Categories
Black Family Identity Sexuality

Sundays With My Grandmother

I woke up on Sunday morning in my grandmother’s apartment, smelling the steam that came from my ironed dress pants that hung on the wall. I could hear the loud voice of Pastor Joel Osteen on the television preaching about forgiveness and the goodness of God. “By the glorious grace of God” or “Turn to […]

Categories
Black Family Marriage

Why I Got Married

One of my dearest friends reached out to me recently with a question so out of the blue and heartfelt that I was compelled to respond to her immediately. What followed was a complete stream of consciousness that really should be shared with no one other than my spouse because he accepts me, typos and […]

Categories
Awareness Coming-of-Age Identity Segregation

Together, We Are Better

My mother and father grew up in segregation. Mickey and Miami have fooled people into thinking otherwise, but Florida is and always was a Southern state. My father was born during the Baby Boom and lived in a shotgun house on the brother side of Jacksonville, the youngest of four siblings. His older brother, Julian, made […]

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Editor's Picks

Launch Event Recap

To celebrate the launch of the publication, Abernathy partnered with Lessons Learned to host an intimate, private launch event in New York City on Saturday, March 14th, 2015. Lessons Learned is a live storytelling event series founded by Wes Kao. The invitation-only event series features a curated speaker lineup, intimate setting, and stories from smart people about hard-earned lessons. […]

Categories
Film Humor

On Selma, the Movie

So. I finally saw Selma. I sat there in Cinema Café with my mother and that $839 popcorn and watched Martin and The Gang knuckle up with change history by helping those dusty ass, shitborne, unsavory, old timey White people get their motherfucking minds right. Hella Patient Black Excellence in motion and such.                 […]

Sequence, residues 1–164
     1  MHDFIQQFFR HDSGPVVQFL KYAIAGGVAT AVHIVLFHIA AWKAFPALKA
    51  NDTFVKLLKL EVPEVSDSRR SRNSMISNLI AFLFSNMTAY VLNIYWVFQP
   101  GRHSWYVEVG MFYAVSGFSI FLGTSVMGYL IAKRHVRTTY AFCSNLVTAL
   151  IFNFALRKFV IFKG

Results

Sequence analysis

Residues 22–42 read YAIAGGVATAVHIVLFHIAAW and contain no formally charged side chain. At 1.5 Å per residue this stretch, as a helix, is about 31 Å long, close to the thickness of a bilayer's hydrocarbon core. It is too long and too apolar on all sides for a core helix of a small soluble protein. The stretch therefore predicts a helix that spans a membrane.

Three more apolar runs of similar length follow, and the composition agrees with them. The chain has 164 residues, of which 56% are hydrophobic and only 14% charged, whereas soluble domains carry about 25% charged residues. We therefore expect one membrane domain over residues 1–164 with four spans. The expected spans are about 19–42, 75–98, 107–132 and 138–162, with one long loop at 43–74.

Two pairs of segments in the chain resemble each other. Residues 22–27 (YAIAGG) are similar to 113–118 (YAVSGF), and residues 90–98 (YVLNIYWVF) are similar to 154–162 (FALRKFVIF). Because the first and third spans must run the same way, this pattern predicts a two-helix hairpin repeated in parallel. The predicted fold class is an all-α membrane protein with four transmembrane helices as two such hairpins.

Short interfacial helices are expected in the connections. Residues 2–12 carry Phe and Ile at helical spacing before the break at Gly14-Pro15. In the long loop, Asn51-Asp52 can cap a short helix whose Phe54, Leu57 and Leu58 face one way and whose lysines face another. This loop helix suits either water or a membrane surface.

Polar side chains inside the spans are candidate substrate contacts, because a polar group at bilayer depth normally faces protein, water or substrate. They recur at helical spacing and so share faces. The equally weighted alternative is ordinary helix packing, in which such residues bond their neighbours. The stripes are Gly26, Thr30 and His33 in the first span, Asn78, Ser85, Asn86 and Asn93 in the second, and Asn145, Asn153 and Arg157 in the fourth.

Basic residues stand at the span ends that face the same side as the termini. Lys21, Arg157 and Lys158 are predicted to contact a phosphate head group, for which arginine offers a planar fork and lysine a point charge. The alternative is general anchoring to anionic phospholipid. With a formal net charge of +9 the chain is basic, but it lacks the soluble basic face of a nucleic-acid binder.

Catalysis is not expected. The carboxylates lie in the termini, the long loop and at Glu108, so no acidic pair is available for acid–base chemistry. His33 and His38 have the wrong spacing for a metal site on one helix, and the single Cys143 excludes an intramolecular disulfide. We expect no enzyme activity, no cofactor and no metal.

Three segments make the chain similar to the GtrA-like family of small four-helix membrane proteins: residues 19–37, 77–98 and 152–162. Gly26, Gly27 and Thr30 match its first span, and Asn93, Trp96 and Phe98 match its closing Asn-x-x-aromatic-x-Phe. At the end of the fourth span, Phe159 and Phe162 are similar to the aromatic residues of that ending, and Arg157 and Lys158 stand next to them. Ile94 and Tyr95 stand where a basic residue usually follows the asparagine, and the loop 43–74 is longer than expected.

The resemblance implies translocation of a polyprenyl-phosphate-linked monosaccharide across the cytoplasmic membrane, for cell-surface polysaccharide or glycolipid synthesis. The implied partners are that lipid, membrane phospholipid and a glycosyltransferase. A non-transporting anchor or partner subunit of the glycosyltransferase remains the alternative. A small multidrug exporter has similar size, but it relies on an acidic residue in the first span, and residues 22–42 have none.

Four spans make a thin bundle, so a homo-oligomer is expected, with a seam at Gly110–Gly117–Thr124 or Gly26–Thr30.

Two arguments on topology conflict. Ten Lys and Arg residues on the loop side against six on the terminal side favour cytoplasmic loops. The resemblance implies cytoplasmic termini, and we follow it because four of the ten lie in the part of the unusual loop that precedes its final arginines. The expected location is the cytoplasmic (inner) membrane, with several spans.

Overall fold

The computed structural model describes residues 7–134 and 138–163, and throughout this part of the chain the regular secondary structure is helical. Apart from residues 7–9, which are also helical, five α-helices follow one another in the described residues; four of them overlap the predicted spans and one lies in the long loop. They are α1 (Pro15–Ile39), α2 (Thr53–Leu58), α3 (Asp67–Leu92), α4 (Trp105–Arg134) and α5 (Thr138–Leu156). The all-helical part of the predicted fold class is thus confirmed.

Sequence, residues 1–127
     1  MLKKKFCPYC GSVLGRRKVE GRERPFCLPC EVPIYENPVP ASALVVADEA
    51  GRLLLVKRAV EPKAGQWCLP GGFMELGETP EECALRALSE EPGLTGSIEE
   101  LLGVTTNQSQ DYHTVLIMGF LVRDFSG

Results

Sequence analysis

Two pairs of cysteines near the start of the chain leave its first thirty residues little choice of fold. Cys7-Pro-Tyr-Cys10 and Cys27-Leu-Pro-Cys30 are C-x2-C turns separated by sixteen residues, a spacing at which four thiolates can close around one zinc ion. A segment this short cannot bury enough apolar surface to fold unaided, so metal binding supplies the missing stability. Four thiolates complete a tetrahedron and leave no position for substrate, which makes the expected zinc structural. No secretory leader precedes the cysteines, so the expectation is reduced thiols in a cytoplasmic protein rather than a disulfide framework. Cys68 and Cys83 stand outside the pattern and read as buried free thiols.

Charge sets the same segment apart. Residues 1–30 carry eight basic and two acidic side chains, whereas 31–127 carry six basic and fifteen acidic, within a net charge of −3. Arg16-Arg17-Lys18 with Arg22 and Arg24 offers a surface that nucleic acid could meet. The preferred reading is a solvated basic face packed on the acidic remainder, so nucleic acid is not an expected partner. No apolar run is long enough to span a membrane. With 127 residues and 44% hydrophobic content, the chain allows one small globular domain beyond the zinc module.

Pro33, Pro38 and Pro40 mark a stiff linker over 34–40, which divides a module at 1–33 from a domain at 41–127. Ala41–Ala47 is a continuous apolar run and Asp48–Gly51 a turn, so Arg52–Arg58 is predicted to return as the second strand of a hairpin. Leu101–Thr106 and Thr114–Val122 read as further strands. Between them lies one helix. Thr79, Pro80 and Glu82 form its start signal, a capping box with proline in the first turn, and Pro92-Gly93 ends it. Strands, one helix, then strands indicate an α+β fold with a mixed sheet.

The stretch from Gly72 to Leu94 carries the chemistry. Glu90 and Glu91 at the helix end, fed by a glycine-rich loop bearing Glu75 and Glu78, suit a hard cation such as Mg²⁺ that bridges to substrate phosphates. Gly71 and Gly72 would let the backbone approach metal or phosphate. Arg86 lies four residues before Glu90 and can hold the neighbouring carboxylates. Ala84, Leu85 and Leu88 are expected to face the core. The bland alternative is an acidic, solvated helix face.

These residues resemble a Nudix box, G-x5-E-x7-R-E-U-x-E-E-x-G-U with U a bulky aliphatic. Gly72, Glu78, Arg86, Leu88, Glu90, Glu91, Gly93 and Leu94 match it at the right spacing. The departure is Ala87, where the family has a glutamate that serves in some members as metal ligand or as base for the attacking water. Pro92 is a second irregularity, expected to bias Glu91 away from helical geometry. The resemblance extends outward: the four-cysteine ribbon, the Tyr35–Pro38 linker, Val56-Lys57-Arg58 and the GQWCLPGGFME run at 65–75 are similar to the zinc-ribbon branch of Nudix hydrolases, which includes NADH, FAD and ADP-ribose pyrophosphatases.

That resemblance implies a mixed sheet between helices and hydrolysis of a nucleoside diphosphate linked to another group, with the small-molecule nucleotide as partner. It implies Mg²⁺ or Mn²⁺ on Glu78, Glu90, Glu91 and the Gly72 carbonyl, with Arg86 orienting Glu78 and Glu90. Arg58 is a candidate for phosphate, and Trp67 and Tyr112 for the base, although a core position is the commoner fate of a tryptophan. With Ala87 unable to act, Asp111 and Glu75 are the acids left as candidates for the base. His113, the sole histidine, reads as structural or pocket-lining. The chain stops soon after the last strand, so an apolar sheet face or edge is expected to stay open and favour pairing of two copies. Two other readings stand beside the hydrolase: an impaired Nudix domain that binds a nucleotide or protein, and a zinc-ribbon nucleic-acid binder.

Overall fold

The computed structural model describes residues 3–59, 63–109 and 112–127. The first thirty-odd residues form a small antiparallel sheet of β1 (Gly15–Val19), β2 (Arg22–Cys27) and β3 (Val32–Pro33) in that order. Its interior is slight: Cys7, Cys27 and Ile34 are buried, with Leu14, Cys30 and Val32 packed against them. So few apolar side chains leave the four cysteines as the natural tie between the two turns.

Categories
Social Justice Solidarity South Africa

From Ferguson to Philippi

I live in Cape Town, South Africa. Far away from the community organizing, battle-waging on the streets of Ferguson, Missouri, I read through the effects of police brutality from my news sources in my own backyard and I am overcome with a sense of connectedness with these problems. In my short life, I have met […]

Categories
Editor's Picks Identity Travel

Going Native

“Where you from?” the driver asks in Spanish after a few minutes in the air-conditioned cab. He had picked me up on the corner near my apartment, sweating under the morning sun in my khakis and button-down dress shirt with the sleeves rolled-up to the elbow. He is running me to the university, but it […]

Categories
Black History Editor's Picks Social Justice

Remembering Selma

Fifty years ago, in March of 1965, thousands of people protested restrictions on the voting rights of black citizens in Alabama by marching from the town of Selma to the state capital at Montgomery, a distance of 54 miles. State and local police beat marchers unconscious and white militia groups attacked and killed participants, all […]

Categories
Black-on-Black Crime Editor's Picks Social Justice

But What About Black-on-Black Crime?

Social media’s coverage of police brutality cases have renewed the discussions regarding race relations in America. The conversations center on systemic racism in America evidenced by the country’s lack of respect for black lives. Unfortunately, opposition to this conversation comes in the form of placing the burden on the black community by asking: “what about […]

Categories
Black Women Feminism Solidarity

Feminism: It’s Not About You

I am a feminist. I have a feminist perspective. Immediately after typing these words, I also feel the need to type: “I do not hate men.” Often, when I proclaim a feminist perspective, this leads many men to roll their eyes and assert that I’m declaring my hatred of men. The words “I am a […]